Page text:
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The Peculiar Patriot may say it is about making us feel the human price of mass incarceration in America, but there is more than a little True Romance in the mix.
Taylor Mac and Pirandello share the same goal: reveal the deadening vacuity at the heart of bourgeois society and the male ego.
The old questions, good as they are, are going to be augmented with new ones: Are we creating a world worth living in? Are we creating a world we can continue to live in?
Eleanor Burgess' The Niceties is an articulate, if structurally crabbed, expression of #blacklivesmatter anger as well as a millennial rebel yell.
The Beau Jest Moving Theater staging succeeds at conjuring up the genially comic spirit of the late Larry Coen, a bounteously talented actor and director.
"If solutions are hard to come by -- both in terms of the socioeconomic predicament of contemporary jazz, and for American culture more generally -- this is because they derive from such fun…
Three theaters in the Berkshires offer differing views of the past.
Will working with audiences encourage stage companies and theater artists to go beyond the status quo? Or just cement them into the sweet spot?
Diverting the resources of Boston's regional theaters into the casino of Broadway undercuts the ideals that launched the regional theater movement.
This Midsummer Night's Dream is a pleasant enough entertainment that is helped mightily by the bucolic waterfront setting.
“Our film has community and spirituality,” says Amy Geller. “It also has conflict.”
We will not get another Angels in America unless we demand it -- and stop accepting bogus substitutes.
Recommended hashtags for the Boston Theatre Critics Association: #MeTooGiveMeTime, #MeTooNotYet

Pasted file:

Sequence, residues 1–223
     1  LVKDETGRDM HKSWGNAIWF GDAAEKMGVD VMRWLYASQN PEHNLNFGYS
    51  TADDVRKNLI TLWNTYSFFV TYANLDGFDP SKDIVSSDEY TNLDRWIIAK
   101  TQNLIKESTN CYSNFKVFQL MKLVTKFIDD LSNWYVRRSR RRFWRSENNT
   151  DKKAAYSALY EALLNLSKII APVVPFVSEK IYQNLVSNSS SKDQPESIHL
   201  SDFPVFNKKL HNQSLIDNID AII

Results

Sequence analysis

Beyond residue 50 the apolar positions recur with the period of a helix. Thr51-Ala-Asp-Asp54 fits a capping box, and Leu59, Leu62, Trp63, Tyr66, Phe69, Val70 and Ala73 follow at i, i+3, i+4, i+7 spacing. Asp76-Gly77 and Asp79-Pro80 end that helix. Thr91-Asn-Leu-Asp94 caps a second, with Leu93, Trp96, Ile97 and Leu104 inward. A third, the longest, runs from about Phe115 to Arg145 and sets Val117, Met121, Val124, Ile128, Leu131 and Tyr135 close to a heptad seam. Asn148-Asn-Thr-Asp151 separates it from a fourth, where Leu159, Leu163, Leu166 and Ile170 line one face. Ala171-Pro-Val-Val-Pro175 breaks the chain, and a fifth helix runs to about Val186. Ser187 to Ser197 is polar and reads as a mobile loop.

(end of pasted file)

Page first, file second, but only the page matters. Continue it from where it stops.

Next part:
Joshua Sobol isn't interested in exploring dramatic possibilities but making sure his equation about the inevitable mechanics of violence work out.
Albert Camus brings a bracing response to thinking about the worse that is missing in so many of our current dystopias.
The script is symptomatic of the Trump era: a passionate rejection of the "politically correct” pushes warriors for "freedom,” as well as voices of radicalism, into morally despicable po…
The strategic silences in the Boston Globe's piece on the legacy of Israel Horovitz are disturbing.
We need more serious, informed, and diverse voices evaluating and reporting on the arts at a time newspapers and magazines are cutting back and/or dumbing down their arts sections.
To my surprise, the auto union was written out of the picture from the start, as if dramatist Dominique Morisseau saw it as an embarrassment.
Steve is a satisfyingly genial comedy that brings up, but then darts quickly away from, serious issues.
The White Card's examination of white philanthropy and racism stays well within the comfort zone.
Shange's nervy mix of wordplay and in-your-face didacticism -- of resilience in the face of hardship -- is very much the empowering thing.
It was time for a bit of a face-lift.
The publication, its editor, and its over 60 writers believe that the health of arts criticism and the arts community are inextricably intertwined.
Ada/Ava is an impressive theatrical feat that finds a new, and invigorating, way of telling a story on stage.
Some of our critics talk about the books that meant the most to them over the past year.
Does anyone really believe that there is no sexual harassment going on in Boston area theater companies today?
Hold These Truths is an invaluable reminder that alternative facts are not a new thing.
More alarming signs that the Boston Globe‘s arts section is shedding talent.
Critics were once seen as the 'canaries in the mineshaft' -- now newspapers and magazines are closing down the mines.
Sleeping Weazel stages a gutsy production of an angry, ugly, and essential history lesson.